Merchant Tip: Vendors as Personal Consultants

In an earlier blog, I commented that bullying your vendors is not a synergistic business paradigm (see Nov 29th blog). Win / Win is the highest form of cooperation and this blog builds on that philosophy.

Vendor’s are SME (Subject Matter Experts).  Don’t think you have to know it all; there’s too many competitors, listings and programs out there and likely your portfolio is huge. 

So here’s how I would position it to vendors: “I’m new to the category. But good news! I’m hiring! And you are getting a new title to boot…you’re a Personal Consultant!”

Enlisting Vendors to educate you, including: plant tours, product tastings (always fun) and conduct complete business reviews will grow your category and personal knowledge.

Vendor Personal Consultants, ask them the following:
– Line listing – do I have your top skus for MY business? Which ones should I delist (they don’t like but that’s ok)
– Am I promoting right items at the right times?
– Are my retails competitive? Ie you do the market research!
– How much money is there in the pot for me to promote your items? Ie how much will you invest?
– What listings can we create together such that I have ‘exclusivity’ for these listings?
– Create a planogram for me based upon Consumer Behaviour shopping habits

Engage your vendors. Hold them accountable. Work together.

When you do business reviews (at least quarterly), review the sales. If the results are bad, they can only look to themselves and their recommended programs. Good vendors are happy to do this consultation; bad vendors don’t want to do the work nor want that accountability.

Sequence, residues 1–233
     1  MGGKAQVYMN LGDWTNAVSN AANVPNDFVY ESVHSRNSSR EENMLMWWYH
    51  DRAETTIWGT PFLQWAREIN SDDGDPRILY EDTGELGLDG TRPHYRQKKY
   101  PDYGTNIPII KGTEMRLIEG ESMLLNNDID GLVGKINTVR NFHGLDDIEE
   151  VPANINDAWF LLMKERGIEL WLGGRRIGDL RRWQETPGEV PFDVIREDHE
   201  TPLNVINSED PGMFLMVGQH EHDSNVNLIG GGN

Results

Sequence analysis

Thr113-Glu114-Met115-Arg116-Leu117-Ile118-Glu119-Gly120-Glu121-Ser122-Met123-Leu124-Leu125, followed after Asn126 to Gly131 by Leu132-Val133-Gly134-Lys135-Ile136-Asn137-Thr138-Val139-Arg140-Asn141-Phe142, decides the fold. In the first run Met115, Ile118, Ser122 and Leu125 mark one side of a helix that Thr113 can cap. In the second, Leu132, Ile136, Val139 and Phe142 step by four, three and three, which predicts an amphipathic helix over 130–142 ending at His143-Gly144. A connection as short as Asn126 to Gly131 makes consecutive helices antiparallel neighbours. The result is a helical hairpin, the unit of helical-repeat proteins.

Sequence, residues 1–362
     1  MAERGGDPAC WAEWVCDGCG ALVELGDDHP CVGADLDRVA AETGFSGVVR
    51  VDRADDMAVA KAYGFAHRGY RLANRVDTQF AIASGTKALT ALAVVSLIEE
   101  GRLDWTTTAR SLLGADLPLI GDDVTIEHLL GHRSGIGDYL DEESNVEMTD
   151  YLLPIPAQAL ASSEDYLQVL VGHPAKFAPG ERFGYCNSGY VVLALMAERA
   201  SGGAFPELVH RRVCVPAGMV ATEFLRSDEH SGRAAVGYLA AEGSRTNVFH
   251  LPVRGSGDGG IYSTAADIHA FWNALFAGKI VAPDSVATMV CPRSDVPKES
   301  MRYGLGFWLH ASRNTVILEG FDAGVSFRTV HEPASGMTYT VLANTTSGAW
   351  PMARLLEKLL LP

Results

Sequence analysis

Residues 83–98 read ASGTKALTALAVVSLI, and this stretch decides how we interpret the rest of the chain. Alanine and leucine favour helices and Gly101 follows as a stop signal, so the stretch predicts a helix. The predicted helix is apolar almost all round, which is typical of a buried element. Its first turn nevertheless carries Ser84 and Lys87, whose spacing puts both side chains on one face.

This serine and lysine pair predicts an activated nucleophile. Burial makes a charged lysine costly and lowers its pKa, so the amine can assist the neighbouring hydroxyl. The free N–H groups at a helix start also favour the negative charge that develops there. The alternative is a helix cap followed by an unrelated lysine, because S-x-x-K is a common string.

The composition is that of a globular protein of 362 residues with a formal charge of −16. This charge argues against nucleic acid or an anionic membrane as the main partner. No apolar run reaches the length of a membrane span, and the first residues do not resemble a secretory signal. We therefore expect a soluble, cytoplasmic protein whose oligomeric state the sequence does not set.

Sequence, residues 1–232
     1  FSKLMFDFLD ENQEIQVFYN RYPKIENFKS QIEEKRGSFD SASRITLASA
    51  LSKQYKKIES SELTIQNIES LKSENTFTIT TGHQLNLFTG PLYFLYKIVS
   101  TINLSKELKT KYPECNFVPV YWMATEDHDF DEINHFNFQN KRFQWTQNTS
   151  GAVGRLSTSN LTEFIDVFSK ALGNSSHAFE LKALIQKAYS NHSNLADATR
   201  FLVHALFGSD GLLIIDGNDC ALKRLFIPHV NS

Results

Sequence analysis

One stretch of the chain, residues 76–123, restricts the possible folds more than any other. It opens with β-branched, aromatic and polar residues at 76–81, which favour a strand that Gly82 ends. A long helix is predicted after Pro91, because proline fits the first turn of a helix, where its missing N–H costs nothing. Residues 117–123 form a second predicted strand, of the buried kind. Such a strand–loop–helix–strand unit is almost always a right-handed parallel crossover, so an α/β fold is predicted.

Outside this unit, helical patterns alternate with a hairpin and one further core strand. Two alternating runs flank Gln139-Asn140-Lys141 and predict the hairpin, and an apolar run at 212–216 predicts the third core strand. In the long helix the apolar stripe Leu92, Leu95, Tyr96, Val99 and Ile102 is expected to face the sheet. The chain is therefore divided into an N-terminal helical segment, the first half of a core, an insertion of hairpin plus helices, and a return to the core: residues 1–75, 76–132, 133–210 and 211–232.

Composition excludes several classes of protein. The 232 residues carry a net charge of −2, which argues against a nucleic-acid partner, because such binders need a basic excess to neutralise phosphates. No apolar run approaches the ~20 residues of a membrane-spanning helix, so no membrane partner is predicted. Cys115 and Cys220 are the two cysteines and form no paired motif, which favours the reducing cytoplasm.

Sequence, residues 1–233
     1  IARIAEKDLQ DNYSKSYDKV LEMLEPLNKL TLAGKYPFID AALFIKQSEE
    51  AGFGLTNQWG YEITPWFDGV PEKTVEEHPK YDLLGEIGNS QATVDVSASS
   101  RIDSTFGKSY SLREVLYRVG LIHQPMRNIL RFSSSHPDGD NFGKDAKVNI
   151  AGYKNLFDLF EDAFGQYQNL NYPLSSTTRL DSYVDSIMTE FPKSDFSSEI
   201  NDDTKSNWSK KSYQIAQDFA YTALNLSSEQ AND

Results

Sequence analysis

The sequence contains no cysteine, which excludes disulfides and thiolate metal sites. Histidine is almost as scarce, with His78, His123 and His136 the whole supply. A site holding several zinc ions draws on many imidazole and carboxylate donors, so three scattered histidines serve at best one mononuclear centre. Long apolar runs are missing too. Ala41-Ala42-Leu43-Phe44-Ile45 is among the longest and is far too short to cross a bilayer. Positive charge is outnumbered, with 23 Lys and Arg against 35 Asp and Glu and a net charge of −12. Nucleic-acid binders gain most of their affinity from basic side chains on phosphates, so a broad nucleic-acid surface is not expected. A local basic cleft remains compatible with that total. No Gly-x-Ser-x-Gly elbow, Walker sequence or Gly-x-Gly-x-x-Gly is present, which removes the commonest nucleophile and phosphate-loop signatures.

Strategic and effective, Vendor Personal Consultants are a great way to go. But wait! There is still the best part! Its FREE and unlike other consultants, Vendors have to stick around and LIVE the results.  And if they don’t get the results?  Well you’ve done your due diligence and can comfortably source a vendor that will grow your business.


Merchant Tip – Set yourself up for success!

One of my favourite mantra’s I expound to students at the University of Toronto is set yourself up for success.  But let me be clear from the onset: it’s not meant as a selfish act (ie looking after only number 1).  No, rather it is about thinking before jumping. 

Setting yourself up for success means enjoy the journey, not just the cheddar at the end of the frantic rat-race!  Specifically, for a Merchant, it is about developing programs, products, ads/promotions etc that have long-term sustainability and decrease the amount of stress in our lives.